The muted colors, serious subject matter, and bureaucracy-based gameplay of War Agent make it an aesthetic successor to last year’s Papers, Please. At a glance, you might expect War Agent to do for war profiteering what Papers, Please did to immigration: turn it into a slow, deliberate game of uncomfortable choices. That game might have ended up being really good, but War Agent makes a refreshing decision to go the opposite direction and turn it into a game of twitch reflexes and snap decision making. As a result War Agent is thoroughly its own game, one that can be fascinating but ultimately ends up being a very simple game.
At the beginning of War Agent, there are two functionally identical nations preparing for war: the Red nation and the Blue nation. Your goal as a war profiteer is to keep their war going for as long as possible by selling them evenly matched weapons and stifling dissent in each of their homelands. The gameplay is divided across five screens: a central, real-time battlefield screen and four menus that are accessible from each direction of the battlefield screens. From the menus, you can purchase new types of weapons and manipulate the government of each nation. On the battlefield screen, the tide of battle is represented by a line that moves back and forth across the battlefield at an increasingly rapid pace as the potency of your weapons advances. If the line ever touches either edge of the screen, the war is over. At the same time, you have to contend with the rising war-weariness of both nations’ citizens as the war drags on for years.
Keeping the war going is more of a reflex-based balancing act than a carefully orchestrated strategy. A problem arises and you solve it with a few taps in a few seconds. Each war is designed to be played as a standalone session, and your overall goal is to get the highest score possible and unlock achievements. The bulk of the gameplay consists of selling weapons to each side by tapping their buttons at the bottom of the battlefield screen. Each time you hit one of the buttons, you’ll be paid a fluctuating rate that depends on how badly the nation needs your weapons. You can definitely game the nations for more money by waiting to sell until they get desperate, but at the same time you’ll be hitting both buttons more or less constantly because of how fast-paced the tides of war turn. When you have dissent problems, you can quell them by jumping over to either nation’s homeland screen and assassinating someone important. It’s fun, but it’s very streamlined and more focused on a small number of options that reward your timing.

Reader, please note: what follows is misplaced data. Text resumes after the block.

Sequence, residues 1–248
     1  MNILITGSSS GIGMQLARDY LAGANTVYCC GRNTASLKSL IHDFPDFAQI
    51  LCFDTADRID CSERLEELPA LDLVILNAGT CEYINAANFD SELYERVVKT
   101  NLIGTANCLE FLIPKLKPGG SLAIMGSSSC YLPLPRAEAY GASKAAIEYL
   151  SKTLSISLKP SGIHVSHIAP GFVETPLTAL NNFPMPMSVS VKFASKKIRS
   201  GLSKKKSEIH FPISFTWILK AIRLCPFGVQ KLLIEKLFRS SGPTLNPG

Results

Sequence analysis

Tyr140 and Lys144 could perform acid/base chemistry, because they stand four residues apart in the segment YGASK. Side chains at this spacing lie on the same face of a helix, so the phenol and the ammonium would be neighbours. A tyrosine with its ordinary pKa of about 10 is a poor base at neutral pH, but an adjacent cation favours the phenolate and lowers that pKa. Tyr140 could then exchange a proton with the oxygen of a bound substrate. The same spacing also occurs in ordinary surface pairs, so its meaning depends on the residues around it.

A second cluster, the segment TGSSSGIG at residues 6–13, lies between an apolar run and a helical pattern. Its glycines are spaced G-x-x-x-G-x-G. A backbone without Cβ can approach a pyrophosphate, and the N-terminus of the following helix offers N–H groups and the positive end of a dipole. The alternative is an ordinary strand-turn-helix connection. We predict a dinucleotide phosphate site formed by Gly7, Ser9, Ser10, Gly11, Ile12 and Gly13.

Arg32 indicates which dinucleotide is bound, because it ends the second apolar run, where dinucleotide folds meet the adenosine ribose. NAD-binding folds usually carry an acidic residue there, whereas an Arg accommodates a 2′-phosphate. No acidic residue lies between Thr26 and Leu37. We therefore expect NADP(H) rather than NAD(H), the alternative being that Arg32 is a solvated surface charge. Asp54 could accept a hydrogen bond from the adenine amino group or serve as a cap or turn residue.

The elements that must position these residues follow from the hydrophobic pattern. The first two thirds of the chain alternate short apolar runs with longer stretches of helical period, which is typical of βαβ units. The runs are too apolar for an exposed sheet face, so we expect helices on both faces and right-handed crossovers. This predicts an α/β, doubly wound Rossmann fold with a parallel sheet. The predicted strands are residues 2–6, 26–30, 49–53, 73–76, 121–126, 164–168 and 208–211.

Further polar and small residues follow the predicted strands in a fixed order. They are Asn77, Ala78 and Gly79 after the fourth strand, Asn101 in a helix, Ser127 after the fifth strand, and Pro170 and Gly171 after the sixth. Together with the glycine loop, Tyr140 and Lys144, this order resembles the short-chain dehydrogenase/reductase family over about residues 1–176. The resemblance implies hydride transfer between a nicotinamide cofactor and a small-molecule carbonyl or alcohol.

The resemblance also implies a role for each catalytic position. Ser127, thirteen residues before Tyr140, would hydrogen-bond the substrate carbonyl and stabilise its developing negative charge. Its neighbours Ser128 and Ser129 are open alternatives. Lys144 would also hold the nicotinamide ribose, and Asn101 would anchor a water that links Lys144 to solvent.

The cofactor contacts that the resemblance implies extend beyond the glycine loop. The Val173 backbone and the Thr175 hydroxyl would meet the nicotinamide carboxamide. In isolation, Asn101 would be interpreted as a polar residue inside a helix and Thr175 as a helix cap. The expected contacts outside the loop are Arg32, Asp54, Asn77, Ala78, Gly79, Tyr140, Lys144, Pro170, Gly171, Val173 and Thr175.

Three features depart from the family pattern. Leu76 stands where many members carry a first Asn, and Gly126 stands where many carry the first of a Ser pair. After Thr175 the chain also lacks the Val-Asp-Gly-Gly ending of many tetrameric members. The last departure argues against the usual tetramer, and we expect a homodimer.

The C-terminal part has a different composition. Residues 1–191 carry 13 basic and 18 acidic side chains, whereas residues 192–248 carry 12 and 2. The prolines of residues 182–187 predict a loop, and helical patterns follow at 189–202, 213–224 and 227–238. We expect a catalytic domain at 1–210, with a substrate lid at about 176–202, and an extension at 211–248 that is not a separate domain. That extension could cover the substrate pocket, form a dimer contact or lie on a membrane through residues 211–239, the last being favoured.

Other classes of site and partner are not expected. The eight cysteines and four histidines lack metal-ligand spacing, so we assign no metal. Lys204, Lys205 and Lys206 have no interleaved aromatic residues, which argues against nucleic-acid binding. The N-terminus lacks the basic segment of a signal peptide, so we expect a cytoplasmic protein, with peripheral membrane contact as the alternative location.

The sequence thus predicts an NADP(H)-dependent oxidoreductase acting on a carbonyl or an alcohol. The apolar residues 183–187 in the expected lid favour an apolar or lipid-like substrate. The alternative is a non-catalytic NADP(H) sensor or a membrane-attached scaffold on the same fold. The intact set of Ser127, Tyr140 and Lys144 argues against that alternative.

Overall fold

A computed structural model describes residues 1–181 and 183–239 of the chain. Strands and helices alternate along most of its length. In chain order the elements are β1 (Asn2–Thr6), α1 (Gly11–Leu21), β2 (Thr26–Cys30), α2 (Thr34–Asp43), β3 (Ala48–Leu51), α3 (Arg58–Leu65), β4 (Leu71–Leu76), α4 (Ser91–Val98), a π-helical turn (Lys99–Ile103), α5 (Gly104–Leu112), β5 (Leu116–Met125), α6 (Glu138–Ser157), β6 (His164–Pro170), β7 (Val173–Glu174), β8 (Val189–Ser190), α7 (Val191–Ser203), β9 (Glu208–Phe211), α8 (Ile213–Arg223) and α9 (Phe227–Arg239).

While the fast-paced gameplay and heavy focus on high score might disappoint anyone who was expecting to agonize over moral choices, War Agent still manages to have some interesting thematic elements. Being a war profiteer isn’t really a morally ambiguous act, it’s a morally bankrupt one. As a result, it’s a foregone conclusion in every game of War Agent that you are going to kill a lot of people and make a lot of money off of it. At first, you’re selling safe weapons that don’t cause any collateral damage, but it becomes clear pretty quickly that you’re going to have no choice but to make the war more and more dangerous unless you want a really low score. You’ll also find yourself going from monitoring civilian unrest with concern to assassinating the opposition the second they give you any trouble. The numbers in the game also tell a story: years go by faster than you expect, and the currency of the game is millions of dollars, which means that even your most minor actions make you an amount of money that would allow somebody to live comfortably for the rest of their lives. These elements are well done, but they mostly hit you early on, and after a few sessions they’re just part of the game
War Agent does a lot of interesting things, but it’s hampered by a lack of replay value and an interface that could have benefited from more strategic choices to mix up the gameplay. As it is, it gets points for an original concept and a well-implemented aesthetic, and it’s pretty fun for the first couple wars. After a while, though, you might find yourself raising a white flag of your own.
War Agent turns war profiteering into a fast-paced game designed to be played in 30 minute sessions. It’s conceptually interesting, but doesn’t have much replay value or nuance.